March 10, 2022
Do your students give up too easily on projects demanding online research because there’s just “too much out there” to know where to begin? Simple tips and tricks from Y4Y’s new Click & Go on digital literacy can help them recognize that, with some basic principles and skills, the information avalanche contains a wealth of real treasure — once you learn how to find it.
We all remember with dread the assignment of a big research paper.
- How will I choose a topic?
- What information will my teacher want me to include?
- How will I organize my information?
- How will I get this giant paper written?!
Education has come a long way in guiding students through each of these steps, and your program can be a great resource to them during homework and tutoring time. To help with organization, check out Y4Y’s Goal Setting Activities, Games and Templates, and Research-Based Techniques and Practices for ideas. More writing guidance is available through Y4Y’s literacy course, including tools for Pre-Writing Activities, Revision Conference Planner, Writer’s Workshop, and Peer Editing Checklist. Tools like Guiding Content Creation and Presenting to Different Audiences can also help students with age-old questions like “What information will my teacher want me to include?”
But let’s take a step back and talk research! Students today face a whole new set of questions. They’re unlikely to step into a brick-and-mortar library and head over to a card catalog where nothing but reliable sources are conveniently organized by subject. Instead, they’re probably doing all of their research online. So, the questions they might be asking themselves are
- How do I narrow down all of my “hits”?
- Which sources are reliable?
- Why can’t I use just the information that validates my ideas?
- Who’s even going to know if I just copy and paste text?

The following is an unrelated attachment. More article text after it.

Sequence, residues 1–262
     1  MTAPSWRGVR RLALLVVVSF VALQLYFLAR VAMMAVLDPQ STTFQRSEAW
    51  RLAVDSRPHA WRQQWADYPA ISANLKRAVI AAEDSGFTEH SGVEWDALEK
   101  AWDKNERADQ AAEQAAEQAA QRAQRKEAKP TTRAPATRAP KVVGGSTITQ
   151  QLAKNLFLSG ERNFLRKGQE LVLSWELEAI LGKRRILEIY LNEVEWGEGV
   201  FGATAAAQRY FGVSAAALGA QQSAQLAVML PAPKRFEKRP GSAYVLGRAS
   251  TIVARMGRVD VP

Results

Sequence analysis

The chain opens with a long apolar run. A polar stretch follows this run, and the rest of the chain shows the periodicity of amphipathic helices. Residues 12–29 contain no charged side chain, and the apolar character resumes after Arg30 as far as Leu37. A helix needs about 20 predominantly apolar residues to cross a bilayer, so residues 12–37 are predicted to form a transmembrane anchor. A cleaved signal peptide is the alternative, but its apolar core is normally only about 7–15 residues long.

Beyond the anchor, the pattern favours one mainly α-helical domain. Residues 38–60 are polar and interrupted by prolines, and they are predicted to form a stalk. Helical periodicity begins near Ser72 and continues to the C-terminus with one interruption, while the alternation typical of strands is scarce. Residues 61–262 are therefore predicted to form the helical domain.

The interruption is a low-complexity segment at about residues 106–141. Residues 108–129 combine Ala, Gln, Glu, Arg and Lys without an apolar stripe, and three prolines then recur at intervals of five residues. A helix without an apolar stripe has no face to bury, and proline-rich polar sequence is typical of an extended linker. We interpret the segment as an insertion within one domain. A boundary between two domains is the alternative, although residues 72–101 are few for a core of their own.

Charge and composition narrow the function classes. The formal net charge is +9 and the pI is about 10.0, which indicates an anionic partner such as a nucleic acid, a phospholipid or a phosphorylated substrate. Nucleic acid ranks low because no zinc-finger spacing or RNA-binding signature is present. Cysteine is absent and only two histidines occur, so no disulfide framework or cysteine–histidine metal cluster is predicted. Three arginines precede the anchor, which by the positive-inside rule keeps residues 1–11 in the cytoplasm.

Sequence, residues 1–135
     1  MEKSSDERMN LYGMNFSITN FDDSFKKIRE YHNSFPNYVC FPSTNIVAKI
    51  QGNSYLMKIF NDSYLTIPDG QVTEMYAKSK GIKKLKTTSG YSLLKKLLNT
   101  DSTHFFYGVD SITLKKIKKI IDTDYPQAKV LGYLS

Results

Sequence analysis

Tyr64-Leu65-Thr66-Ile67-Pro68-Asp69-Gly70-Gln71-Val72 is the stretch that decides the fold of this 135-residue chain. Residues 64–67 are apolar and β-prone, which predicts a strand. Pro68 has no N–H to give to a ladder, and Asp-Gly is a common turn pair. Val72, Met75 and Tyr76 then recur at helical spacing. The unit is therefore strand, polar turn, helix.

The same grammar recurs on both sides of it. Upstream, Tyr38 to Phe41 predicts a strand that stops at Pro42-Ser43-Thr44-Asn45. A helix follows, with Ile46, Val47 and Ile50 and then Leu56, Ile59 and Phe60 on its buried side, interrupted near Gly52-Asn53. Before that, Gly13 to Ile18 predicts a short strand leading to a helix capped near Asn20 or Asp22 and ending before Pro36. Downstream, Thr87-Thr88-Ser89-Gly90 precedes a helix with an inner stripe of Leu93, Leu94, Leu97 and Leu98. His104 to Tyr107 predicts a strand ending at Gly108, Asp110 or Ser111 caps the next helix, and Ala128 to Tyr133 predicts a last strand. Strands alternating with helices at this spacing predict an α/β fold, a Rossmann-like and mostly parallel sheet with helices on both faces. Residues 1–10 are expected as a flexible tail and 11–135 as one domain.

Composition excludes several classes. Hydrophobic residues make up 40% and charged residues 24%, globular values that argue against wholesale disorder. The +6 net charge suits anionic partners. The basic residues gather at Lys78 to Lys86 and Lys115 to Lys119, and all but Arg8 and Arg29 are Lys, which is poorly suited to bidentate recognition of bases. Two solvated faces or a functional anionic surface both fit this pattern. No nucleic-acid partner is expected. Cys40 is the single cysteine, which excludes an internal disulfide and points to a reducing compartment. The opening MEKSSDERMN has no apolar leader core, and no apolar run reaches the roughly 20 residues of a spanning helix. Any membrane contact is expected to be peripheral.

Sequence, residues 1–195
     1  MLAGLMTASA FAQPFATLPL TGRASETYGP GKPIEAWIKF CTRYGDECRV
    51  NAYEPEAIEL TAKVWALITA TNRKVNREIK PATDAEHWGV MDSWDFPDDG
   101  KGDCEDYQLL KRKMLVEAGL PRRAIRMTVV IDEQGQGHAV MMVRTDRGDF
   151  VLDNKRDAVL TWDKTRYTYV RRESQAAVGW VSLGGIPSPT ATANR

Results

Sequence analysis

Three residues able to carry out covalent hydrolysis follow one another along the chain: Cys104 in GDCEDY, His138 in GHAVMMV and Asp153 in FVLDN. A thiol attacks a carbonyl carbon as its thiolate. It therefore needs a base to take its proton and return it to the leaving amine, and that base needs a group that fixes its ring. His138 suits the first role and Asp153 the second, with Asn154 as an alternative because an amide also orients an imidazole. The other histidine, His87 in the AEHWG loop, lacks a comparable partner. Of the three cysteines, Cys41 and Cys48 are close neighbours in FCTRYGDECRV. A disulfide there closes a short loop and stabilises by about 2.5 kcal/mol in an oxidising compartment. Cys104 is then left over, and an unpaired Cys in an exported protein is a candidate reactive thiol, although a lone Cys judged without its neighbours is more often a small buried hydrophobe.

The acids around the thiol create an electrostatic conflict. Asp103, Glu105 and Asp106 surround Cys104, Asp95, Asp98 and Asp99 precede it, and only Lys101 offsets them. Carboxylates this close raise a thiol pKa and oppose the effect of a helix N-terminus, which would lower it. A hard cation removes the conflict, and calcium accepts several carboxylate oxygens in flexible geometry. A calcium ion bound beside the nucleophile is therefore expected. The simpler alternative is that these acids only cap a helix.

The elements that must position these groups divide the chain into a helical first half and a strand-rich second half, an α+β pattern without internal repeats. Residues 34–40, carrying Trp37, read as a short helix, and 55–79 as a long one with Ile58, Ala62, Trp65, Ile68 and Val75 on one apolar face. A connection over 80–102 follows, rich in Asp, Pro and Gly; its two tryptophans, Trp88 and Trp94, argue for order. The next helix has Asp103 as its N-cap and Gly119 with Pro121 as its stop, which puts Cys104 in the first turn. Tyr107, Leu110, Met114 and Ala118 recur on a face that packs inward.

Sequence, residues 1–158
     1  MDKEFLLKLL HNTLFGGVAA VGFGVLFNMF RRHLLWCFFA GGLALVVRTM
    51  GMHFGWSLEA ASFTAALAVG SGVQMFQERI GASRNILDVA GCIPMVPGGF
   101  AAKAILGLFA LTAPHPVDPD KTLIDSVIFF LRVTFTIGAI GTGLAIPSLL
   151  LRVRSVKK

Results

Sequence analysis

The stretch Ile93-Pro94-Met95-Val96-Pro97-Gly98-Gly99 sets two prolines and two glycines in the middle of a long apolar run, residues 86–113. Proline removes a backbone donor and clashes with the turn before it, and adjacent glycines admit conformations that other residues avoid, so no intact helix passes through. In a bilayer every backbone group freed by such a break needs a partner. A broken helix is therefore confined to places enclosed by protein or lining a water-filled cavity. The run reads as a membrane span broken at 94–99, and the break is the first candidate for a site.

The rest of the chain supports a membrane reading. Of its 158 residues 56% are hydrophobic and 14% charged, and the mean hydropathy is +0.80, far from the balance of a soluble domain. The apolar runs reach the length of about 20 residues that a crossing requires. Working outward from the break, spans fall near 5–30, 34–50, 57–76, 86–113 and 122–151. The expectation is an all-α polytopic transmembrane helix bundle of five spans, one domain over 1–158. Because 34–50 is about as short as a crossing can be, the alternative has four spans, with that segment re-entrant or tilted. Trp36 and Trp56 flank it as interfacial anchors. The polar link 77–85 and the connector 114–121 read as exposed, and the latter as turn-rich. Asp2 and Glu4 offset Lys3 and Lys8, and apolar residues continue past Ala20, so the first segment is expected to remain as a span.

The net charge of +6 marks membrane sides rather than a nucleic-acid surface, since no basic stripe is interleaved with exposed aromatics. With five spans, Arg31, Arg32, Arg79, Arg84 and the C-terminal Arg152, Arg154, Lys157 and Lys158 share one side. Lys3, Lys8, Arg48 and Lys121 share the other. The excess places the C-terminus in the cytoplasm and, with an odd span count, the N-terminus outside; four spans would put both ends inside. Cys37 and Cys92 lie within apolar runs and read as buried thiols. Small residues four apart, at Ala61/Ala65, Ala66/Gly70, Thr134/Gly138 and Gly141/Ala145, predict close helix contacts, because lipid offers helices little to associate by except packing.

Y4Y is here to help navigate many of these dilemmas of the information age too!
How do I narrow down all of my “hits”?
To begin, there are some simple tips for yielding smart lists of hits.
- Orient students to internet research with Y4Y’s relevant terms around digital literacy.
- Use more than one search engine, such as Google, Yahoo, and Bing.
- Use several terms to narrow the search. For example, if a student is writing a paper on Dr. Martin Luther King, Jr.’s I Have a Dream speech, encourage them to not simply search on Dr. King’s name, but also on “Million Man March,” “civil rights,” “famous orators,” and “I have a dream.”
- If they need to further narrow their search, add .org, .edu, and .gov to the list of terms.
- Check out Y4Y’s Searching Safely podcast for tips on how to search thoroughly and safely. Have students take the Y4Y Youth Digital Literacy Self-Assessment to be sure of that safety.
Which sources are reliable?
After you’ve introduced students to the basics of finding information, consider these tips:
- As mentioned above, sites with the extensions .org, .edu, and .gov are generally more reliable than .com sites, but this isn’t universal. Highly reputable news outlets may have a .com extension, and an opinion might be presented in an article on a .org site.
- The next step is to talk with students about how to spot misinformation and disinformation.
- You can even engage them in spotting false or misleading scenarios to exercise their skills of discernment.
- Check out Y4Y’s podcast, Evaluating Information and Digital Content.
Why can’t I use just the information that validates my ideas?
Help your students understand that the best argued points are those that recognize the strengths of an opposing view and counter that view.
- The Y4Y podcast Communicating With Your Audience is a great tool to help students understand that there are times when credibility may not be a concern, but that’s more likely to be a creative project than a research assignment!
- Check out Y4Y’s tool Comparing Presentation Modalities and Presenting to Different Audiences to drive this idea home.
Who’s even going to know if I just copy and paste text?
This might be a rhetorical question, but educators today have access to many resources to discover if a student has plagiarized someone else’s work. It’s OK to copy and paste if a student is properly citing a reference, so be sure to align with the school day on citation practices. It’s also possible that the project your student is engaged in isn’t meant to be a formally researched report, and there’s room for creative license. Help them have some fun with those projects! Just ask Andy Warhol: Some of the best art is born of imitation.